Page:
- Price elasticity of water demand and system dynamics approach 87Air, Soil and Water Research 2014:7 Water Demand (Billion Gallons) Years Figure 7. Water demand projection by the economic model for the City of Pullman using system dynamics approach between 2005 and 2025 (Scenario 2- Case 3). Water Demand (Billion Gallons) Years Figure 8. Water demand projection by the economic and demand model for the City of Pullman using system dynamics approach with constant fixed price in linear regression equation between 2005 and 2025 (Scenario 2- Case 3). be various uncertainties regarding linear extrapolation of the regression equation variables and the computed elasticity of the variables. The linear extrapolation of fixed price reached $41 (Fig. 6) at the end of the simulation period, with a high elasticity value. This high elasticity can be one of the reasons for the rapid declining trend in water demand. As discussed above, the population of the economic model projected a smaller number than the population forecast model. Figure 8 shows the results of a scenario where all the vari- ables of the regression equation 8, as in the previous scenario, kept the fixed price of water constant at $26.93. This sensitiv- ity analysis is important in understanding the role of the high elasticity value of fixed price in the economic model. With this change, the economic model predicted an increasing trend in water demand (Fig. 8) similar to the demand model (Fig. 5). The water demand increased up to 2.45 billion gallons in 2025 with an over-prediction of water demand while compared to the demand model. Finally, Figure 9 shows the simula- tion results of scenario 2- case 4 where the household size is excluded from the regression equation in the economic model (Eqn. 9). In case 4, the income elasticity and constant term in the regression equation is significantly smaller than scenario 2- case 3 (Eqn. 8). 1.58 5.21 5.56 0.048 37.33 * * * *Q MP FP I P e− − − = (9) Both the economic and demand models projected similar water demand trend during the extended simulation period, ie 2100 years. This result confirmed that the developed economic model and the approach utilized in this study can play a vital role in understanding and validating the regression equation of the price elasticity of water demand. It should be noted that the developed economic model fundamentally differs from the demand model. The high elasticity value of the household size in the regression equation (Eqn. 8) is one of the reasons why the economic model has difficulty to forecasting reasonable water demand. The water demand from the economic (Eqn. 9) and demand model are about 2.6 and 3.8 billion gallons, respectively at the end of the simulation period. Based on the limited simulation analysis, it is challeng- ing to generate a realistic water demand forecast for all the scenarios because of the possible weak relationship among the variables of the regression equation. To understand the future implication of water demand and pricing of this region, a set of sensitivity analysis can be done by using economic scenarios (case 1 to 5 and possibly others) and adjusting the elasticity values in the regression equation. The main objective here is to demonstrate a system dynamics approach as an appropriate tool to develop an economic model which need to be further explored in the areas where water pricing and demand has a strong relationship. Conclusions and Recommendations The constant extraction of water from the Palouse Basin aquifer can lead to unsustainable groundwater aquifers. The price elas- ticity of water demand of the City of Pullman, WA, was com- puted using different regression equations. The results confirm that the current water pricing structures do not directly influ- ence water consumption and demand. Five different scenarios were developed, each altering different independent variables in the regression equations. The price elasticity of the marginal prices had positive values in all scenarios, indicating that cur- rent price does not directly influence demand of water. The fixed price had negative values in all scenarios, and the rest of the independent variables had expected signs in the regression Water Demand (Billion Gallons) Years Figure 9. Water demand projection by the economic and demand model for the City of Pullman using system dynamics approach between 2005 and 2100 (Scenario 2- Case 4).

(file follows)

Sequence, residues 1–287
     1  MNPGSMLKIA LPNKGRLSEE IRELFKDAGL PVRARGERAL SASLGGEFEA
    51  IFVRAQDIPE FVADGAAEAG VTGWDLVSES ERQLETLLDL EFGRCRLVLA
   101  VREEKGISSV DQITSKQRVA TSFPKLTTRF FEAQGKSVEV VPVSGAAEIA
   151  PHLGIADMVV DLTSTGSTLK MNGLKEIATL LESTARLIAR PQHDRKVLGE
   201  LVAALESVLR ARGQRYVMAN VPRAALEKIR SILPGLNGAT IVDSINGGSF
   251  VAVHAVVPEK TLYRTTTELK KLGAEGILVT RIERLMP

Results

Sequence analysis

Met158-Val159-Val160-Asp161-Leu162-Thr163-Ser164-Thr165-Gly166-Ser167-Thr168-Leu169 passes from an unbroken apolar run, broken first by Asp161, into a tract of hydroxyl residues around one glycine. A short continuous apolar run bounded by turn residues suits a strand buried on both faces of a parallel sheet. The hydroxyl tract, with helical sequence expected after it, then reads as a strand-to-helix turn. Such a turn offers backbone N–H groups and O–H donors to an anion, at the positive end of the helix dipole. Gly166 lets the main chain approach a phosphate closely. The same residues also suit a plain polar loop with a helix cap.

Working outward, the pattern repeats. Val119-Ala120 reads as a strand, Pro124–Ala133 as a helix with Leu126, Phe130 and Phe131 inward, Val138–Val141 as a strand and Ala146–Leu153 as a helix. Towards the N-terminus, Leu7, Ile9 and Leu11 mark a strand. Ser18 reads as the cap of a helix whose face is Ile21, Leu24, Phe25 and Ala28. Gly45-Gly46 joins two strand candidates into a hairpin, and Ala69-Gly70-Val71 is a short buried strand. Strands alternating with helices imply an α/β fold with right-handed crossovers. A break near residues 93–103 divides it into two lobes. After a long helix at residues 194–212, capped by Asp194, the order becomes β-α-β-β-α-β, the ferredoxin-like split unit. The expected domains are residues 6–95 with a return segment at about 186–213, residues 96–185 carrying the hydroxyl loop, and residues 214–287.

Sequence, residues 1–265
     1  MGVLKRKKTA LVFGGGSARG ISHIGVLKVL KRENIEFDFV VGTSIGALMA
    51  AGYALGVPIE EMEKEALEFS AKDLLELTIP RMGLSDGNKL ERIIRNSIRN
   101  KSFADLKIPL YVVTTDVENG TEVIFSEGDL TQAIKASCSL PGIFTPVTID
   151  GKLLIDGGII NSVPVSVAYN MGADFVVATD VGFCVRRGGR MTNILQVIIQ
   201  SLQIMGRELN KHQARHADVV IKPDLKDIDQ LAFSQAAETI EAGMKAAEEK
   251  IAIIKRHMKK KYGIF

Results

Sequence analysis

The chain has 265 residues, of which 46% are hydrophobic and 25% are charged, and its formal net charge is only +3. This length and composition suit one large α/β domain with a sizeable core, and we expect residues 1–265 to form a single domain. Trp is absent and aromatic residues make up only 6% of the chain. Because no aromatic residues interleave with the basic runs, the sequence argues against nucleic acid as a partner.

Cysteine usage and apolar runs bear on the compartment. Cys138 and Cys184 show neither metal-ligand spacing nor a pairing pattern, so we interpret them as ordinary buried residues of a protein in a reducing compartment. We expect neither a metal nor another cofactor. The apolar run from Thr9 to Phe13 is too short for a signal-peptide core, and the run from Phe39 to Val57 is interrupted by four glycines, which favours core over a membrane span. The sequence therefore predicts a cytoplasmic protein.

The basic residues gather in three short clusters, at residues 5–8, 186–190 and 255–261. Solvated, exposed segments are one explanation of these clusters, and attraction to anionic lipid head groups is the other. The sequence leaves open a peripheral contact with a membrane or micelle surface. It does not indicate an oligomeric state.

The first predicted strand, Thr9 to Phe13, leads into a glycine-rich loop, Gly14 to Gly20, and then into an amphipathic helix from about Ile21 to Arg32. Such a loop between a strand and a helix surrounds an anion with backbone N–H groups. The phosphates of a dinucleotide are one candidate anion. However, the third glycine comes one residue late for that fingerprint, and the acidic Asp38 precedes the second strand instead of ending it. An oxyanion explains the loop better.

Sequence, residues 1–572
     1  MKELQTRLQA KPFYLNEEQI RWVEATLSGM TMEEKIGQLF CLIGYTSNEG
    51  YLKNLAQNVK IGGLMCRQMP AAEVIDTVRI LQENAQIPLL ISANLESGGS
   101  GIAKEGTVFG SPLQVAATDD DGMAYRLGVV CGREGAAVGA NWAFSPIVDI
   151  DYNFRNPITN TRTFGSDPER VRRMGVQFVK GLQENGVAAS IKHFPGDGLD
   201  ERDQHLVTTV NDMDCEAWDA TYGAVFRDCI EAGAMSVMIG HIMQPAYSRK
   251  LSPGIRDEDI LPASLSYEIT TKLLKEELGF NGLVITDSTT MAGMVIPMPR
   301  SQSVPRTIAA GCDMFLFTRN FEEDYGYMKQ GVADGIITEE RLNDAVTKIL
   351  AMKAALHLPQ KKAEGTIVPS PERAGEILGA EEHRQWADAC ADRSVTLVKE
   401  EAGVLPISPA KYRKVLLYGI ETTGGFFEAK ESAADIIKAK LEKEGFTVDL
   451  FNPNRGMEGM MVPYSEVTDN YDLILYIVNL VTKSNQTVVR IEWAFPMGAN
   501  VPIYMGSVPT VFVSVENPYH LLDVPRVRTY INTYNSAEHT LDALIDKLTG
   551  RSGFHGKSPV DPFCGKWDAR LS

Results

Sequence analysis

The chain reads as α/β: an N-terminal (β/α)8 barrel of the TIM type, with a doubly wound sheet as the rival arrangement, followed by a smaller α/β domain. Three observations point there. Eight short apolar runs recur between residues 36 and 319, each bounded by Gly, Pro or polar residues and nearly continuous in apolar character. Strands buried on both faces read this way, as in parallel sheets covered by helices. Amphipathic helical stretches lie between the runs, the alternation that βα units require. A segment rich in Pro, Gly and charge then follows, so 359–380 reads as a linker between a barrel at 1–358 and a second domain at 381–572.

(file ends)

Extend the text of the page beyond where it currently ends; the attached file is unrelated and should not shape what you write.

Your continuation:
- Dhungel and Fiedler 88 Air, Soil and Water Research 2014:7 output. An economic model was developed using a system dynamics approach based on the regression equation of price elasticity and the linear extrapolation of the variables. This study showed a complicated interrelationship among water pricing, water demand, and other independent variables of a regression equation. The increasing block rate structures of water pricing for different user classes and the time period of the analysis can also add uncertainty to the results. It may be possible that people might not be aware of the water demand and pricing structures in Pullman, where more than half of the population are students. The use of a price elasticity-based regression equation in system dynamics was demonstrated to be a relevant approach to develop the economic model. The results of these analyses indicated the complications that arise when calculating the price elasticity of water demand in a small college town with limited exact household data. The water demand forecasted from the system dynamics approach had difficulties predicting a reasonable trend for all scenarios, which probably indicates the weak inter-relationship among the regression variables, needs for a better regression equa- tion, and extrapolation approach of the variables. Further sensitivity analysis is needed using the regression equation of the economic scenarios to understand the interrelation- ship between water demand and pricing (economic scenarios 1–3). There may be numerous reasons for the inelasticity of the marginal price. The housing and water-use patterns can be complex in this type of city where groundwater is the sole source of drinking water. The time series data with exact ser- vice connections are recommended to reduce the uncertainty in the price elasticity of water demand. Acknowledgments I want to thank the Palouse Basin Aquifer Committee, University of Idaho. Special thanks to Dr. Ashley Lyman, University of Idaho for discussions of price elasticity of water demand. I want to thank Jeffrey Malecki and Jeremy Greth for copy editing and suggestions. I want to acknowledge Ms. Bibha Dhungana for her valuable suggestions. And finally, I would like to thank the City of Pullman, the City of Moscow, and Washington State University for providing the supporting data. Author Contributions Conceived and designed the experiments: RD, FF. Analyzed the data: RD. Wrote the first draft of the manuscript: RD. Made critical revisions: RD, FF. All authors reviewed and approved of the final manuscript. REFERENCES 1. Mays LW. Water Resources Engineering. John Wiley and Sons, Inc; New York, 2005. 2. Young RA. Measuring economic benefits for water investments and policies. World Bank Technical Paper No. 338. Washington DC: World Bank; 1996. 3. Yoo J, Simonit S, Kinzig AP, Perrings C. Estimating the price elasticity of resi- dential water demand: the case of phoenix, Arizona. Appl Econ Perspect Policy. 2014. doi:10.1093/aepp/ppt054. 4. Martínez-Espiñeira R. An estimation of residential water demand using co- integration and error correction techniques. J Appl Econ. 2007;10:161–184. 5. Arbuésa F, García-valiñasb M, Martínez-espiñeirac R. Estimation of residential water demand: a state-of-the-art review. JournalofSocio-Economics. 2003;32:81–102. 6. Lyman RA. Peak and off-peak residential water demand. Water Resour Res. 1992;28(9):2159–2167. 7. Rode DS. Municipal Water Demand: an Aggregate and Dynamic Estimation Approach [masters of thesis]. Moscow: University of Idaho; 2000. 8. Peterson SS. Aggregate Water Demand in the Palouse [unpublished master’s thesis]. Moscow: University of Idaho; 1992. 9. Tidwell VC, Passell HD, Conrad SH, Thomas RP. System dynamics modeling for community-based water planning: application to the Middle Rio Grande. Sandia National Laboratories. Aquat Sci. 2003;66(2004):357–372. 10. Dhungel R. Water Resource Sustainability of the Palouse Region: A Systems Approach [master’s degree thesis]. Moscow: University of Idaho; 2007. 11. Rehan R, Knight MA, Haas CT, Unger AJA. Application of system dynam- ics for developing financially self-sustaining management policies for water and wastewater systems. Water Res. 2011;45:4737–4750. 12. Sahin O, Stewart RA, Porter MG. Water security through scarcity pricing and reverse osmosis: a system dynamics approach. J Clean Prod. 2014. doi:10.1016/j. jclepro.2014.05.009. 13. Mavrommati G, Bithas K, Panayiotidis P. Operationalizing sustainability in urban coastal systems: a system dynamics analysis. Water Res. 2013;47(20): 7235–7250. 14. Beall A, Fiedler F, Boll J, Cosens B. Sustainable water resource management and participatory system dynamics. Case study: developing the Palouse Basin participatory model. Sustainability: special issue on system dynamics simulation of environmental and resource. Sustainability. 2011;3(5):720–742. 15. Dhungel R. System dynamics approach for the uncertainty analysis of complex groundwater region aquifers and water management strategies. WRENG (Under Review). 2014:1565. 16. Dzisiak RN. The Role of Price in Determining Residential Water Demand: Water Pricing and Residential Water Demand in Municipalities in the Western Prairie [master’s degree thesis]. University of Manitoba, Winnipeg, Manitoba; 1999. 17. Martinez-Espiñeira R. Residential water demand in the Northwest of Spain. Department of Economics, St. Francis Xavier University, Antigonish, Nova Sco- tia, Canada B2G2W. Environ Resour Econ. 2002;21(161–187):2002. 18. Foster HS, Beattie BR. Urban residential demand for water in the United States. Land Econ. 1979;43–58. doi:10.2307/3145957. 19. Cook Z, Urban S, Maupin M, Pratt R, Church J. Domestic, commercial, munic- ipal and industrial water demand assessment and forecast in Ada and Canyon Counties, Idaho; 2001. 20. IWR-MAIN. User’s Manual and Dynamics, System Water Demand Manage- ment Suite. 1995: p.D-2. 21. McKenna JM. Water use in Palouse Basin. Palouse Basin Aquifer Committee (PBAC). Report No. 5, State Agency Roles in Idaho Water Quality Policy, Uni- versity of Idaho; 2001. 22. Ralston DR. Hydrologic Conditions in the Palouse Aquifer. University of Idaho; 2004. Accessed 2007. 23. Palouse Basin Aquifer Committee (PBAC). Available online: http://www.webs. uidaho.edu/pbac/ (Accessed on 1 January 2007). 24. United States. Census Bureau, Population and Housing. “Table 5: Washington D.C.: Population and Housing Unit Counts: Washington 2000.” United States Census 2000. Washington: US Census Bureau, July. 2003. Web. 12 Jan. 2007. https://www.census.gov/prod/cen2000/phc-3-49.pdf. 25. Western Regional Climate Center. (2007). Cooperative Climatological Data Summaries. Retrieved from http://www.wrcc.dri.edu/cgi-bin/cliMONtpre. pl?wa6789. 26. Linaweaver FP, Geyer JC, Wolff JB. Summary report on the residential water use project. J Am Water Works Assoc. 1967;59:6132. 27. Michelsen AM, McGuckin T, Stumpf DM. Effectiveness of Residential Water conservation Price and nonprice program. AWWA Research Foundation and American Water Works Association; 1998. TD388.5.M53. 28. Schleich J, Hillenbrand J. Determinants of residential water demand in Ger- many. Ecol Econ. 2009;68(6):1756–1769. 29. Klaiber HA, Smith VK, Kaminsky M, Strong A. Measuring Price Elasticities for Residential Water Demand with Limited Information; 2012. NBER Working Paper No. 18293. 30. Stella, High Performance System, Inc., USA. Available from: http://www.hps-inc. com/stellavpsr.htm. 31. Lamar T, Weppner S. Water Conservation Opportunities for the Palouse. A Water Conservation Handbook, Prepared by Palouse Clearwater Environmental Institute; 1995. 32. Cheng Q, Chang N. System dynamics modeling for municipal water demand esti- mation in an urban region under uncertain economic impacts. Journal of Environ- mental Management. 2011;92(6):1628–1641. 33. PRISM maps (1971-2000) 800 m resolution, PRISM Climate Group, Oregon State University, http://prism.oregonstate.edu (http://www.ocs.oregonstate.edu/ prism/products/viewer.phtml?file=/pub/prism/us_30s/grids/tmax/Normals/ us_tmax_1971_2000.14.gz&year=1971_2000&vartype=tmax&month=14&sta tus=final).